The sheer variety of their designs alone would make British Carbon Papers’ National Security one of the most interesting British companies. Behind that variety, of course, lie the various manufacturers who made pens for them, including Langs, Valentine, Conway Stewart and Stark, Son & Hamilton.
There was a period during which National Security’s pens were audacious copies of the Parker Duofold range and this pen, which has no model number, is an example. It’s tempting to date the pen by the Duofold model it most closely resembles. Not streamlined? 3 cap rings? That’ll be 1927, then. That may be too simplistic and it could well be the case that these imitations trail well behind the originals. Be that as it may, this beautiful Lapis Lazuli pen could easily be mistaken at first glance, and the second one too, for a prestigious Lady Duofold, which doubtless was the company’s intention. Imitation may be the finest form of flattery but it also sells pens.
The build quality is superb and this tough celluloid shows little wear from its 80-odd years. Though it’s a ring-top the pen isn’t tiny, being 11.5cm capped (without the ring) and a respectable 14.9cm posted. Who made this pen? The short answer is that I don’t know. The longer answer is that Valentine were making pens for Parker during this period, and they seemed to have carte blanche to make near-copies of Parkers under their own name. It’s likely that this was extended to their work for companies requiring “own brand” pens like British Carbon Papers. It’s not certain, but the evidence points at Valentine.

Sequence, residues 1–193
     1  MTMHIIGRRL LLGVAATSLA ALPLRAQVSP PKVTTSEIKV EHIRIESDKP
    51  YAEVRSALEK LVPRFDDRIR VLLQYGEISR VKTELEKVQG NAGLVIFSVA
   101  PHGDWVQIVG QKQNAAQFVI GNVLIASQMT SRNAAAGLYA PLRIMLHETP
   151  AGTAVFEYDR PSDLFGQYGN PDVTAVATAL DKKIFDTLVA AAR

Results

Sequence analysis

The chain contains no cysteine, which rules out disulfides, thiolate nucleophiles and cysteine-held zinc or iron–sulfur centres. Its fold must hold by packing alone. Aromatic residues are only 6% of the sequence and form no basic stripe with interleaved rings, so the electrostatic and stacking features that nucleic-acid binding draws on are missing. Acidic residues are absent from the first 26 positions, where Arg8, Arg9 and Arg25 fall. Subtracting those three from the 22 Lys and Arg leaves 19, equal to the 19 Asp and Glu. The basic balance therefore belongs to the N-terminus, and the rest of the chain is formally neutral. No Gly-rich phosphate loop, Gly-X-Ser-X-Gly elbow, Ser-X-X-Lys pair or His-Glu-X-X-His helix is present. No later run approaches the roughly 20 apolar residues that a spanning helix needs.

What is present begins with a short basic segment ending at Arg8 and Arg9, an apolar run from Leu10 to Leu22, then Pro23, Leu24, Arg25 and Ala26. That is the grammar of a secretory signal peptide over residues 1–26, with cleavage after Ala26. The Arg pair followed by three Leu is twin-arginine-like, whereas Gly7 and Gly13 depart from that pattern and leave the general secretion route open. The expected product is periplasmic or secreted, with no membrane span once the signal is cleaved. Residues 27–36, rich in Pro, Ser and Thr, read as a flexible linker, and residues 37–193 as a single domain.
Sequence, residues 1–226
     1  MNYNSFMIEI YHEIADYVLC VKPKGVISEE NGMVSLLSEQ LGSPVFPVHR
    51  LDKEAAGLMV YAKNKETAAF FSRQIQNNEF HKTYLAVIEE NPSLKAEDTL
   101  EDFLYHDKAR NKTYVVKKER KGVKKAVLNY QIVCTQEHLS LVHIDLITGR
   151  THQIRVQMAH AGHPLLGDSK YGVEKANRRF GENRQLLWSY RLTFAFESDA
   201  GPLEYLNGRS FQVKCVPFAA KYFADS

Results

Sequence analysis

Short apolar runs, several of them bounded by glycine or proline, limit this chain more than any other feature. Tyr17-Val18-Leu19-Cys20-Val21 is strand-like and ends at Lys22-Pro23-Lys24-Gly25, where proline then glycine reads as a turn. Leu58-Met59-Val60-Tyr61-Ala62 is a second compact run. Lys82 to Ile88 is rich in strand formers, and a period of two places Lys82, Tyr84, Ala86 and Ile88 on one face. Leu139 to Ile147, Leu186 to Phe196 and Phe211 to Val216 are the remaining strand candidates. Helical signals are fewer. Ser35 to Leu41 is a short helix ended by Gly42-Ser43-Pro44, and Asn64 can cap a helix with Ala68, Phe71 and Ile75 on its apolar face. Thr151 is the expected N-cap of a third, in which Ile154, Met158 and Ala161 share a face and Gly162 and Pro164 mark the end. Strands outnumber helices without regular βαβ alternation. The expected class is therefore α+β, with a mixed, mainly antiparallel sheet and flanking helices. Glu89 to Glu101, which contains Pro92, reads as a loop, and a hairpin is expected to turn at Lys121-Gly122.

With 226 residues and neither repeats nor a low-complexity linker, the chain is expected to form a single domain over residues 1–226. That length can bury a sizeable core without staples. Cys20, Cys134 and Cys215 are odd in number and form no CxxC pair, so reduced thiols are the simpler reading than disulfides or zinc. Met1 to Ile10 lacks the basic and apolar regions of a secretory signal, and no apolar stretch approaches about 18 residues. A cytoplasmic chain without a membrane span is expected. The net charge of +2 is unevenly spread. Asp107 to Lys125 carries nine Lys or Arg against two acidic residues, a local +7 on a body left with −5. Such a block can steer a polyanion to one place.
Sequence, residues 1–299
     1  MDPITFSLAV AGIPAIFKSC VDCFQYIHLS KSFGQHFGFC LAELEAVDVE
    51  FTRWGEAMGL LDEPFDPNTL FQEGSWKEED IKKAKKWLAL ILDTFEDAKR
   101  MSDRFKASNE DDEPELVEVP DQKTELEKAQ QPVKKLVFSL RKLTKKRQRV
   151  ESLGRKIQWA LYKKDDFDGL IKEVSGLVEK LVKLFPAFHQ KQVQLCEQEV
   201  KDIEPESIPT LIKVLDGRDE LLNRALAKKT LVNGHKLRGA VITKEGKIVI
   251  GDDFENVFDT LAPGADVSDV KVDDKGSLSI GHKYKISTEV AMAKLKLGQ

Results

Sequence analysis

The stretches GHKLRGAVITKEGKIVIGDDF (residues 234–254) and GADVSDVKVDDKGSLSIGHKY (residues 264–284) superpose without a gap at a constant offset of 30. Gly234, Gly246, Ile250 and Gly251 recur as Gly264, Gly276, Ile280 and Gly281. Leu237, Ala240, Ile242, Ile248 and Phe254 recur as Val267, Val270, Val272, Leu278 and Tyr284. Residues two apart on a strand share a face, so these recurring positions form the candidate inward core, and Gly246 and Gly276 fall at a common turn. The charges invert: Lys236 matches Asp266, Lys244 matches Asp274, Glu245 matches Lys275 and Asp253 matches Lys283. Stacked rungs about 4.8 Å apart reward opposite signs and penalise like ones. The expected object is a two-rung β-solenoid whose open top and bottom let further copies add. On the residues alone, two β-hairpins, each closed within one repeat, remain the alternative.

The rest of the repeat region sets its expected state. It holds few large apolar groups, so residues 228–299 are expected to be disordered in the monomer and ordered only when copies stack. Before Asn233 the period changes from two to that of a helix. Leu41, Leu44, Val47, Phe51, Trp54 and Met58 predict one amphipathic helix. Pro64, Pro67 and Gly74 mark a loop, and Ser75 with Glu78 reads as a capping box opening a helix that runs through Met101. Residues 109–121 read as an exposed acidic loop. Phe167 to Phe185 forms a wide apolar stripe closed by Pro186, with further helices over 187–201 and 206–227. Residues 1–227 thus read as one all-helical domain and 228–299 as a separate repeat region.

The barrel imprint is suitably vague: “Highest Grade English Manufacture”. Stephen Hull has done great work in trying to clarify the relationship between the shadowy British Carbon Papers, Henry Stark, Son & Hamilton, National Security and the other manufacturers. The picture remains a little confused. One can hope that future research will make these relationships clearer but there’s no certainty. Some things just remain mysterious.
What’s happened to the NatSec lion? He has a snout like a pig! It’s quite hard trying to be a ferocious and dignified King of The Jungle when you have a nose like a grunter.